Creolisation in the Caribbean

1893 Words Oct 15th, 2011 8 Pages
Question #5: Why is the Creolisation theory considered a more useful means of theorizing the Caribbean? How has Douglarisation contributed to the identity debate?

Even though there is a separation created by geographic distances and different independent states, it is still possible to talk in general terms of the Caribbean, and of Caribbean literature. The common experience of colonialism, displacement, slavery, indenture, emancipation and nationalism has shaped most West Indian environments, creating a unity of experience that can be identified as particularly Caribbean. These general experiences, more importantly have been the breading ground of a whole new society and culture, than can be defined most effectively by employing the
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Many Caribbean writers have addressed the issue of creolisation and the creation of a unique Caribbean identity in their works. Many of them wrote in an attempt to capture the very meaning and significance of a West Indian world, using novels of childhood as their medium.Lamming’s In the Castle of My Skin, Michael Anthony’s The Year in San Fernando, McDonald’s The Humming Bird Tree, Merle Hodge’s Crick Crack Monkey and Jean Rhy’s Wide Sargasso Sea were all in part attempts at capturing and savouring something of the essence of Caribbean life through the developing consciousness of the child. Somehow the discovery and identification with this world seemed better and more accurately revealed through the impressions of the growing child.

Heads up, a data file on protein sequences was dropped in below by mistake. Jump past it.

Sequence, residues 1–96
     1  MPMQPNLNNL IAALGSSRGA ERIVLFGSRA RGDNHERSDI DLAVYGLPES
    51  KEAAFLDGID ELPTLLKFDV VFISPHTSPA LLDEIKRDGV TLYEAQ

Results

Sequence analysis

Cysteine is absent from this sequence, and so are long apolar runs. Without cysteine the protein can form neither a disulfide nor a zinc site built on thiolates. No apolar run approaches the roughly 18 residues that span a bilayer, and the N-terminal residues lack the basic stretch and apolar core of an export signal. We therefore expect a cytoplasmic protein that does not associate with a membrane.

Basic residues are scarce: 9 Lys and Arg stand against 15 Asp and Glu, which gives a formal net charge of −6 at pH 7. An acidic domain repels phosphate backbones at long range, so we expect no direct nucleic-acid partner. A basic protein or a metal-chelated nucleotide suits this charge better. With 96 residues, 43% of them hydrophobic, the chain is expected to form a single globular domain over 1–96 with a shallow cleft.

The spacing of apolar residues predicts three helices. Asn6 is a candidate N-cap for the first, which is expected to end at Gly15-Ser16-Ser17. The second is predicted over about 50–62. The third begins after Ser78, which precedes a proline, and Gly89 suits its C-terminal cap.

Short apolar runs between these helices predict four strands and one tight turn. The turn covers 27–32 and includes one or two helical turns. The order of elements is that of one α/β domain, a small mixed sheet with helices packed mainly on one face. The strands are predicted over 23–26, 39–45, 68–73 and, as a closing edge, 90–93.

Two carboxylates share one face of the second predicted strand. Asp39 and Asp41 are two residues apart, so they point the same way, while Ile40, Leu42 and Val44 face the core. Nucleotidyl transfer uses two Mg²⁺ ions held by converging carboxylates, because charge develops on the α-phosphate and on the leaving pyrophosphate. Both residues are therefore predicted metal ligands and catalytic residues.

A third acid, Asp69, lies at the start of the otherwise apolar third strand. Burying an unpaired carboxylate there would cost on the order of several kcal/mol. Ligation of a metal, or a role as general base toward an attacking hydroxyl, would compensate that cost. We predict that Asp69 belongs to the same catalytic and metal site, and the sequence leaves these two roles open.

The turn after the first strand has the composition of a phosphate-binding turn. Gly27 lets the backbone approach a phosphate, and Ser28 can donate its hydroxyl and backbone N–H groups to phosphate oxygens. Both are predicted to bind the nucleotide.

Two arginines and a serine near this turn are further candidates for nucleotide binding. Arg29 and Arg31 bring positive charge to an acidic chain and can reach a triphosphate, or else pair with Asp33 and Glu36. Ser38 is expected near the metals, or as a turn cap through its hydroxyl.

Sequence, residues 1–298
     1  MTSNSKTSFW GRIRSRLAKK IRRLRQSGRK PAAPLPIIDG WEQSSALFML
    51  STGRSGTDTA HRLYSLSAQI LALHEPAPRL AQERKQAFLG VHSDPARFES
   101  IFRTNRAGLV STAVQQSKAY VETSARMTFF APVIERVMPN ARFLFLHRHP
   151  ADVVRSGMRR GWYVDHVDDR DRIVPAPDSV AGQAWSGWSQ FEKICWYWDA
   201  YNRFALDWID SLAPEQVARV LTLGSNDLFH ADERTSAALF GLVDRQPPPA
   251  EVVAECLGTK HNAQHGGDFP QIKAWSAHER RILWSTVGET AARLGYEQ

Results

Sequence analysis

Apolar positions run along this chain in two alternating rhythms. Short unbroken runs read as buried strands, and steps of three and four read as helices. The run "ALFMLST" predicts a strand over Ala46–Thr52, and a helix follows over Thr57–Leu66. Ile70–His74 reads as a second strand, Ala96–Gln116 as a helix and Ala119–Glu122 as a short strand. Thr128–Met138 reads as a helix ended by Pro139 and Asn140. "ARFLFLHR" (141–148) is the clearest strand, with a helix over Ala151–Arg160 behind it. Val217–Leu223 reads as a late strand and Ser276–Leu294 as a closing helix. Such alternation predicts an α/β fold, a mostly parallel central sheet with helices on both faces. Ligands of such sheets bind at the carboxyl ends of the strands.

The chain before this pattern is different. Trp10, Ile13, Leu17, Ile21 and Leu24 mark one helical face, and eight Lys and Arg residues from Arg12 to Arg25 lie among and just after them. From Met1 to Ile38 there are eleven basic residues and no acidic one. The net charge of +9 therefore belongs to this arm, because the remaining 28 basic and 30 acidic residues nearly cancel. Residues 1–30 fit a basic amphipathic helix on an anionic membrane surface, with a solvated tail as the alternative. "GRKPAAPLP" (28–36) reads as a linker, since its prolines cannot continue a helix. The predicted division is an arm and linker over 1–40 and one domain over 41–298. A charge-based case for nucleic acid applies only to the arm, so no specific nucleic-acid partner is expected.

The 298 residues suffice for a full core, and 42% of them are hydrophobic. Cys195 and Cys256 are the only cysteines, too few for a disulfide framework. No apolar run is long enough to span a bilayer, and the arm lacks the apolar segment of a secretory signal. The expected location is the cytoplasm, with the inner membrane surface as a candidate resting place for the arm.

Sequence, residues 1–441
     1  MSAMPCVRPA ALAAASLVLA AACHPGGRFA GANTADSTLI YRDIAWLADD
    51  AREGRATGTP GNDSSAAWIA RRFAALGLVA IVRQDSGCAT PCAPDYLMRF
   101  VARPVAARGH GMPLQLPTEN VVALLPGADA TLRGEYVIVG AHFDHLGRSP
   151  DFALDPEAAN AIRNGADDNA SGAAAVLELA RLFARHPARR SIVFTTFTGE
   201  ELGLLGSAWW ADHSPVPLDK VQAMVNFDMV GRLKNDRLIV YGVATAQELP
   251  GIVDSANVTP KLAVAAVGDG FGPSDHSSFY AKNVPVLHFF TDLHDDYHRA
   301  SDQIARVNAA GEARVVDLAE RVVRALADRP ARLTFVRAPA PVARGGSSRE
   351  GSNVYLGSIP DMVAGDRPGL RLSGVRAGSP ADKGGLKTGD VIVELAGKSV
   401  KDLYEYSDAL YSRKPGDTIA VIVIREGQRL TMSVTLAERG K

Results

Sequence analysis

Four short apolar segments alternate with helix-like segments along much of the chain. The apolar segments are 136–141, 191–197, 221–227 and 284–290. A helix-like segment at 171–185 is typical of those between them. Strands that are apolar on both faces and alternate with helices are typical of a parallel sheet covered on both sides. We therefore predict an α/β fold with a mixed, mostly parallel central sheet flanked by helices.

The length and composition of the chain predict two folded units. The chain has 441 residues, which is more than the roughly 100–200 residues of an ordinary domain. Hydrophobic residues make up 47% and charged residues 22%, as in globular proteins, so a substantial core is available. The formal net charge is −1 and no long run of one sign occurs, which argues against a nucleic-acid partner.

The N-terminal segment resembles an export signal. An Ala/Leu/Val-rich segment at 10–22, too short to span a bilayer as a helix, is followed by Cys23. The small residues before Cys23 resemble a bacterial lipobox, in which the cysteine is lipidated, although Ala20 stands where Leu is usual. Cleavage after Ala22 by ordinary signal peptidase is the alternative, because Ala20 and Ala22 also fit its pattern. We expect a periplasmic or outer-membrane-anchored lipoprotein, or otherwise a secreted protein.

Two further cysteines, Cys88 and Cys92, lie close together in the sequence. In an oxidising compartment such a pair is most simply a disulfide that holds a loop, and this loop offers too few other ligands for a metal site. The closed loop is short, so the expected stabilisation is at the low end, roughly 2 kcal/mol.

V.S. Naipaul and Samuel Selvon assessed the merits of the creolisation of the East Indian in A House for Mr. Biswas and A Brighter Sun respectively. In both novels exploration centered on the creolisation of the East Indian and on the nature and quality of his adjustment in the colonial society. Indian characters moved from enclosed peasant worlds into a wider colonial world, and the movement was in both novels an exploration and a growth in awareness and sensibility.

This creolisation or mixing of cultures is evident

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